WHERE DID THEY GO? Where did this all happen? Due to difficulties in locating all the places named and described in Exodus and Numbers, there are three different ideas floating around as to where the route of Israel’s desert sojourn was, and where these places were: a northern route along the Mediterranean, a central route through the Sinai Peninsula, and a southern route which actually would have take the Israelites into the Arabian peninsula. Not having been there, I won’t weigh in on which one is more likely.

For maps of Israel’s 40-year sojourn, and the allotment of the land by tribes, check out: http://www.bible-history.com/maps/route_exodus.html.

Central to this section is Israel’s conflict with Midian, or Moab. Moses’ (first?) wife was from this region, and Jethro, his father-in-law and a priest among these people, had given Moses some good counsel. But now Moab is standing firmly in the way, seeking to block Israel’s advance. After watching Israel’s 38 years of apparent wandering in the desert, the fear of the Lord has worn off and Egypt’s vassal states assume they can keep the Israelites in the desert forever, if not by direct conflict, then by temptation and enticement away from their patron God. Thus the moral/spiritual meltdown around the cult of Baal-Fegor, probably a fertility idol, complete with the sacred female prostitutes (25: 1-3). It nearly worked, and the cult could be uprooted from Israel’s ranks only at terrible cost of something approaching civil war and the deaths of 24,000.

This is the story behind the war of vengeance and near-extermination against Moab, and laws regarding the spoils of war (Numbers 31), meant to prevent Israel from going to war for their own economic enrichment, as their neighborings states often did. For the modern reader, especially one of pacifist, Anabaptist sensibilities, these stories of Holy War, of merciless killing, both of fellow Israelites and their neighbors, including noncombatant women and children, raise some serious issues, to say the least. It doesn’t seem to square with the peace teachings of Jesus. Greg Boyd, pastor of Woodland Hills, has done much writing and thinking on this matter, which you can peruse at http://www.gregboyd.org/. Our church’s member, Philip Friesen, has also written a book on this matter, The Old Testament Roots of Nonviolence. I’ll come back to this issue several times as we encounter it again throughout the Pentateuch and the books of Joshua, Kings and Chronicles.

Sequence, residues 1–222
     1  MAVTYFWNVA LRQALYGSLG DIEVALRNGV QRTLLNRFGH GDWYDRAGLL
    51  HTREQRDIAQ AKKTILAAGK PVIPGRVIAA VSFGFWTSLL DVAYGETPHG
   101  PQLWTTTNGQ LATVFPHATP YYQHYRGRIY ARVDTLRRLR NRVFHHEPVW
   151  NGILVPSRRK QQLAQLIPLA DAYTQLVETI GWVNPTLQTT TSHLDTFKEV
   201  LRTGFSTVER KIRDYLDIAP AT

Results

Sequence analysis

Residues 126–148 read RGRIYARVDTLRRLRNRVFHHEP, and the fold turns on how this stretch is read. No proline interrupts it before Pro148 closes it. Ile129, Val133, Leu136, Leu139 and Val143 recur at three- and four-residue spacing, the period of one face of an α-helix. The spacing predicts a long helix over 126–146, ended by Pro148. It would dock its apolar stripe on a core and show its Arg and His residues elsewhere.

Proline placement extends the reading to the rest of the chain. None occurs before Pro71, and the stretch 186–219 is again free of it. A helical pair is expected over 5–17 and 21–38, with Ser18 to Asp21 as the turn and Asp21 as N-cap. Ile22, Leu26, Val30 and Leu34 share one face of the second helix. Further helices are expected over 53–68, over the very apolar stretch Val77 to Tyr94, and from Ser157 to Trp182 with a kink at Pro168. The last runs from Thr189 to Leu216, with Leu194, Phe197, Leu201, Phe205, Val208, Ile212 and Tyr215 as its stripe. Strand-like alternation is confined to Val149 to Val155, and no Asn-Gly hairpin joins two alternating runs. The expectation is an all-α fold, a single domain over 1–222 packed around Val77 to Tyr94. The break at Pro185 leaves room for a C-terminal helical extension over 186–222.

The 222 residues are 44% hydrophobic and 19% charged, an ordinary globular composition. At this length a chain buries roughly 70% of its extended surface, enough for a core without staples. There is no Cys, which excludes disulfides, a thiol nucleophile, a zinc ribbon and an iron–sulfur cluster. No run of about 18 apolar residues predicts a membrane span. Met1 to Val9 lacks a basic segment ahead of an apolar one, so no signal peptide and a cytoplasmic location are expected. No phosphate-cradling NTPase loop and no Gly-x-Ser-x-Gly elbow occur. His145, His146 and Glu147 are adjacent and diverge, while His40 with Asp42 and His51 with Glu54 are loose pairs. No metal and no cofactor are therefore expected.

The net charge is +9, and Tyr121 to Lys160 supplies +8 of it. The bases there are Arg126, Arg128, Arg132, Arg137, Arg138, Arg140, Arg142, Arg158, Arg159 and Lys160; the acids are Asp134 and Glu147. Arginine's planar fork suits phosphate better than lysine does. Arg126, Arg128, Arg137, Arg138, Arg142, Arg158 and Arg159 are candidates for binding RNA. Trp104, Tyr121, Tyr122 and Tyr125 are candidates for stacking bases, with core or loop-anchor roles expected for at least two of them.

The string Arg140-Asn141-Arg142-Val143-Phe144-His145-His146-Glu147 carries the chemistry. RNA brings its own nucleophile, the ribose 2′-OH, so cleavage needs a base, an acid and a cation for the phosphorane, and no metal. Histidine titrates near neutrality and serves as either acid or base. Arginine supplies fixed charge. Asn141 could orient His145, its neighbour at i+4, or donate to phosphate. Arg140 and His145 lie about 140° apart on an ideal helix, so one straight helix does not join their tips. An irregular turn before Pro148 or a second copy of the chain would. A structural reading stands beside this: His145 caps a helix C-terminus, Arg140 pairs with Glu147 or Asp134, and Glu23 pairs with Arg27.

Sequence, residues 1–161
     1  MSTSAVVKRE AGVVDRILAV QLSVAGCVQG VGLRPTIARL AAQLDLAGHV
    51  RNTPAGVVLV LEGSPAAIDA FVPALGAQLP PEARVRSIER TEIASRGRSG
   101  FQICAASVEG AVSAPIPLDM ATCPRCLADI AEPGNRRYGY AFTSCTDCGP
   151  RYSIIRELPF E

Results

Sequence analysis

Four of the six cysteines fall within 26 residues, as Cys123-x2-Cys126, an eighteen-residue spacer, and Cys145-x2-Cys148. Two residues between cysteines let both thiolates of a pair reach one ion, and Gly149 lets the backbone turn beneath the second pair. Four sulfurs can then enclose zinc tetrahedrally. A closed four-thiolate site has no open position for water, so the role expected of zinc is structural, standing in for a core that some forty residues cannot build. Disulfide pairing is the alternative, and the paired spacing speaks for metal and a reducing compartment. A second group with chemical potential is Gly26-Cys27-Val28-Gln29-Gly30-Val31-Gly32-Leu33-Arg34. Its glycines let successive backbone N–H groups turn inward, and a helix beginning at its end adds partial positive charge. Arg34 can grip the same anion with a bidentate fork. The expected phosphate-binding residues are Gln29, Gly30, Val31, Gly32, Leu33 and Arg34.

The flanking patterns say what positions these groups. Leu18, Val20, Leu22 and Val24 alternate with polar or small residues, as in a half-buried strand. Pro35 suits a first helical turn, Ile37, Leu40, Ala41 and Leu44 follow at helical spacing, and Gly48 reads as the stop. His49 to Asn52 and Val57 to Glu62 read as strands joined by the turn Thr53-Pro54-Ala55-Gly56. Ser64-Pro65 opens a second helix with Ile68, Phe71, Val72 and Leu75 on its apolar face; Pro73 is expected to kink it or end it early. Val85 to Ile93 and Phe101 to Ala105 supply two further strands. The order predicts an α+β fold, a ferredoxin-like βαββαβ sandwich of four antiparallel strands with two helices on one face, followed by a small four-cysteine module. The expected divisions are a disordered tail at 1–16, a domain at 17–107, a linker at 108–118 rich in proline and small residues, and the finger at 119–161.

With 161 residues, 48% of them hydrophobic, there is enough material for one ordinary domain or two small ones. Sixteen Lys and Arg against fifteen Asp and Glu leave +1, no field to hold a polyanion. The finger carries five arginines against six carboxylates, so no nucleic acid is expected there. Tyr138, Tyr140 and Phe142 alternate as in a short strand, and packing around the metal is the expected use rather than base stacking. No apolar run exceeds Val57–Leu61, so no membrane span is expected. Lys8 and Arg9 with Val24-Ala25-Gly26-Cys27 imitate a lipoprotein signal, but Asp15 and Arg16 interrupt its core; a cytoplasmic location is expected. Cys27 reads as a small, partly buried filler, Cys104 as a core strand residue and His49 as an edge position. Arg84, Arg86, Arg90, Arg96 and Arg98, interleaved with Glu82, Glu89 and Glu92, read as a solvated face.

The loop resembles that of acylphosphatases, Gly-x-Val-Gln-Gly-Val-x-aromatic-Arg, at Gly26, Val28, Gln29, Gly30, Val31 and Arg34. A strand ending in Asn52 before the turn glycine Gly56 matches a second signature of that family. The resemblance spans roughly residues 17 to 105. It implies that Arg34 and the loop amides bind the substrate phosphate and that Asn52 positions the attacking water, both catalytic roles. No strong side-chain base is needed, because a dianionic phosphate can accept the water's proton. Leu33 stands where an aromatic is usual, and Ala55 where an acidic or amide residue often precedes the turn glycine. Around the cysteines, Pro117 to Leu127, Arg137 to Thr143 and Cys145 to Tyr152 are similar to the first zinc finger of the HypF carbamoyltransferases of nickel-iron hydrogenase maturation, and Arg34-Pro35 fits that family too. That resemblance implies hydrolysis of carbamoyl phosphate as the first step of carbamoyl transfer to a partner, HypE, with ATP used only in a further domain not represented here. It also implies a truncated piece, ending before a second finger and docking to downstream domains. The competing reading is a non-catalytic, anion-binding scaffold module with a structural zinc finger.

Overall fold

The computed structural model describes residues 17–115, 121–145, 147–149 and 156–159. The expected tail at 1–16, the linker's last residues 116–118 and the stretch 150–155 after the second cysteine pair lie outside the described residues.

Suffice it to say, for the moment, that Jesus himself treats these documents as foundational to his identity and mission. They were authoritative, even sacred, to him, so they should be for his disciples, as well. They inform our understanding of him and his mission, as well as vice versa. So we must let them question us, as well as us questioning them. The Old Testament presumes that the Giver of life has the right to take it back when it is being misused by injustice, idolatry or violence. We must deal with it. That does not give us the right to make ourselves agents of God’s judgment, because “all have sinned and fallen short of the glory of God” (including ourselves) and “the wages of sin is death.” So we come to the Old Testament as those over whom the sword is poised.

Euro-American pioneers who claimed the right and precedent of the Exodus to drive out and exterminate Native Americans put themselves in the wrong part of these stories. So did the White South Africans, and other European colonialists in Asia, Latin America and Africa. We Christians are most definitely not to claim the mantle of God’s  conquering warrior people in our relations to non-Christians and other cultures and nations. In Romans 9-11, Paul tells us that we, the Gentiles, are the wild branch grafted into the tree of Israel, i.e., that we are, in effect, the pagan nations faced with the inevitable coming of new management who would do well to sue for peace and submit ourselves to Israel’s God and his merciful covenant, unlike what Moab and other tribes and nations did. Then we will discover how gracious, patient, merciful and compassionate is this warrior God. As someone else has said, “If God is ‘a consuming fire (Heb. 12:29),’ he is a fire that burns cooler and sweeter the closer we approach him.” More thoughts on Old Testament holy war and Jesus’ assertive non-violence in posts to come.

A powerful and intriguing summary statement of the relationship between God, God’s law and God’s land is posted at the end of Numbers 35: ” ‘Do not pollute the land where you are. Bloodshed pollutes the land, and atonement cannot be made for the land on which blood has been shed, except by the blood of the one who shed it. Do not defile the land where you live and where I dwell, for I, the LORD, dwell among the Israelites.’ ” Here is an interesting angle on sacrifice, especially that of Jesus, God’s final and perfect Passover Lamb, the sacrifice which perfects and completes what the recurrent sacrifices of ancient Israel could not complete (Hebrews 9-10). But what does this say about the history of bloodshed on our own soil, whether that of the Native American, driven out by bullet and bayonet, or of the African slave and his descendant, by the lash or by lynching? Again, this does not obligate us to capital punishment, because the blood sacrifice of Jesus pays for all. Yet we can say that the land remembers what we try to forget. The seeds sown by bloodshed in one generation will bear fruit for generations to come, until we too offer the atoning sacrifices of confession, repentance, reconciliation and restoration.


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